In Taken, Tokeby uses surveillance technologies to record and capture movement of people in the gallery space. Projected onto a large screen within the gallery, these individual images are brought together as one composite image, with the actions of each person looped at 20-second intervals. According to Rokeby, “The result is that every action that has taken place in the gallery since the computer was turned on occurs together on the screen, repeating every 20 seconds. The image stream, provides a kind of seething chaos of activity that can be read both as a statistical plot of gallery activities (where do most people stand to regard the piece? Do they move around?) and as a record of each act of each visitor. The image is densely social, deeply layered and chaotic. The other side is a cooler catalog of the gallery visitors. Individual visitors are tracked within the space. Their heads are zoomed in on, and adjectives are attributed to them (i.e. ‘unsuspecting’, ‘complicit’, ‘hungry’). These individual head shots are collected as a set of the last 200 visitors and presented as a matrix of 100 or occasionally all 200 shots, moving in slow motion. This side is analytical and highly ordered and rather threatening.”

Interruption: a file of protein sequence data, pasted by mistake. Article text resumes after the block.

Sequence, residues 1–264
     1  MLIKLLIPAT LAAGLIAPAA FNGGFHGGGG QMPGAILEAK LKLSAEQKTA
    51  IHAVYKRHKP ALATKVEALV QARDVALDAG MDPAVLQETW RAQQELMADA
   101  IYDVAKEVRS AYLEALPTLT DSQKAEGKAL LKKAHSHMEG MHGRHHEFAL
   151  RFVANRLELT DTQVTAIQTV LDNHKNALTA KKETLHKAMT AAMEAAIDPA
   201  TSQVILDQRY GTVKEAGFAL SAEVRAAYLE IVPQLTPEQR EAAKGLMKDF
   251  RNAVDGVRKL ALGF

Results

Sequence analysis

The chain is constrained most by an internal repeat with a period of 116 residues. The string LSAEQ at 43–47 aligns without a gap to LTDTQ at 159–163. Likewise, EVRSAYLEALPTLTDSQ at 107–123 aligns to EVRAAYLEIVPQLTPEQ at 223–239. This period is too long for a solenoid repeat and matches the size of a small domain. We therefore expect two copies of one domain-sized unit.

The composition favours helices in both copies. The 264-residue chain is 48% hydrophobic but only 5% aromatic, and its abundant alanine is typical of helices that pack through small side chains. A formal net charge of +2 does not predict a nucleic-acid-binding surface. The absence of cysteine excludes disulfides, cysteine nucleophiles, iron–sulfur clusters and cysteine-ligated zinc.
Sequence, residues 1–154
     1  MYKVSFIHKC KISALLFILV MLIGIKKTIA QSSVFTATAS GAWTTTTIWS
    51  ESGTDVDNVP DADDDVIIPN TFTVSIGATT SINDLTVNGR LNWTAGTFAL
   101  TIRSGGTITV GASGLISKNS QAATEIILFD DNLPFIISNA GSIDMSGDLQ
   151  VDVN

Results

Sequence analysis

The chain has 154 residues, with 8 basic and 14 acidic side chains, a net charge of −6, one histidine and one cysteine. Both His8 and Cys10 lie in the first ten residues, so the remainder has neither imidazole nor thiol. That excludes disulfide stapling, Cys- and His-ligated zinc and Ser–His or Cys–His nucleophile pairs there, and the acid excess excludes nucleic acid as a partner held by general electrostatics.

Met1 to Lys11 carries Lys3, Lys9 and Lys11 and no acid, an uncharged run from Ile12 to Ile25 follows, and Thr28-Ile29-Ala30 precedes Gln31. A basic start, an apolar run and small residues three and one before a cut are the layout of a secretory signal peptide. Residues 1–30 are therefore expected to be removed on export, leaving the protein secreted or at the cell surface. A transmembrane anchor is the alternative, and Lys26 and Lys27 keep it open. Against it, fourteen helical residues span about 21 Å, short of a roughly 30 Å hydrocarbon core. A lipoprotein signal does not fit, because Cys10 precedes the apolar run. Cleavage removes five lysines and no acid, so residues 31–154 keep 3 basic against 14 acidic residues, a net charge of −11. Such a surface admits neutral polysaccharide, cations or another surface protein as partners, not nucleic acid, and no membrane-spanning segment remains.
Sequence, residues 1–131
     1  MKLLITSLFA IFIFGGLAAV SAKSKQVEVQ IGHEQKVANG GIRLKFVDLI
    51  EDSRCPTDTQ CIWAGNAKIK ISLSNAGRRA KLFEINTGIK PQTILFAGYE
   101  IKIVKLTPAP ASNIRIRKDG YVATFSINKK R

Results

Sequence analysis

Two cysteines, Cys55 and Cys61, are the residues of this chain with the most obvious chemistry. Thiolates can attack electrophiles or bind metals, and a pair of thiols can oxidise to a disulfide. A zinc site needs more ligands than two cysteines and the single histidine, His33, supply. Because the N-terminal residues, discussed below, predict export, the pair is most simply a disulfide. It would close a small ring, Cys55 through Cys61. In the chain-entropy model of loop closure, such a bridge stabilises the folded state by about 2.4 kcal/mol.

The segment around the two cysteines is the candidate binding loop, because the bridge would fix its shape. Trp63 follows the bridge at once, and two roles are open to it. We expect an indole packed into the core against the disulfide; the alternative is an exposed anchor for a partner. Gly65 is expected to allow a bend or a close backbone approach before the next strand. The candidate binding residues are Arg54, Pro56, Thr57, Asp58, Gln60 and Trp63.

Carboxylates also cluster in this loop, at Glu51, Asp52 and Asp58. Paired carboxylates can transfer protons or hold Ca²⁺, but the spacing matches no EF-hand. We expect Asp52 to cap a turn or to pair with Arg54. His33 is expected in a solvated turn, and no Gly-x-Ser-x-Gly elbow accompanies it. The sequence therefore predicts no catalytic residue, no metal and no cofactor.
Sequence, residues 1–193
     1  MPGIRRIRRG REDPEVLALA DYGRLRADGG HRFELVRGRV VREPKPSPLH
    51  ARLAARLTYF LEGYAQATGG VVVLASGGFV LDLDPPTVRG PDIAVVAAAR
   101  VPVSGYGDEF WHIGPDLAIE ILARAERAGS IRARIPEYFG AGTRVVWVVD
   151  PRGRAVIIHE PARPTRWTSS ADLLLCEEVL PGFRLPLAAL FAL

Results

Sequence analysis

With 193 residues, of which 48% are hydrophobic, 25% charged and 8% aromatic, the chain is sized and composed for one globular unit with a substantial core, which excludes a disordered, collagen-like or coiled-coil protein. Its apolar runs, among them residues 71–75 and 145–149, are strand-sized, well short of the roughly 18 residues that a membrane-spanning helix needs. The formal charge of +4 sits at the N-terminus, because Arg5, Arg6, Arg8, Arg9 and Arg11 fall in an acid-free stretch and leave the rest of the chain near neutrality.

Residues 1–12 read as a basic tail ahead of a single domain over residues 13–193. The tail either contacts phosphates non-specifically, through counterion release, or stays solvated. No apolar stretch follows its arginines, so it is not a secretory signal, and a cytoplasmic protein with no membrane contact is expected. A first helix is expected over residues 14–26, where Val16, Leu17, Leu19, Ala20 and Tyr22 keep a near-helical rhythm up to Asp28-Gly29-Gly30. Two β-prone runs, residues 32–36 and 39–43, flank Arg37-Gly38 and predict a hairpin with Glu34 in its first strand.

Client:David Rokeby, Taken, 2002-2009. Video installation. In multiple exhibitions and locations, including Art Gallery of Hamilton, Hamilton, ON (2002); “Interaction '05,” Toronto International Art Fair, Toronto, ON (2005); “Profiling,” Whitney Museum of American Art, New York, NY (2007); “Synthetic Time,” National Art Museum of China, Beijing, China. Image courtesy of the artist. © David Rokeby.
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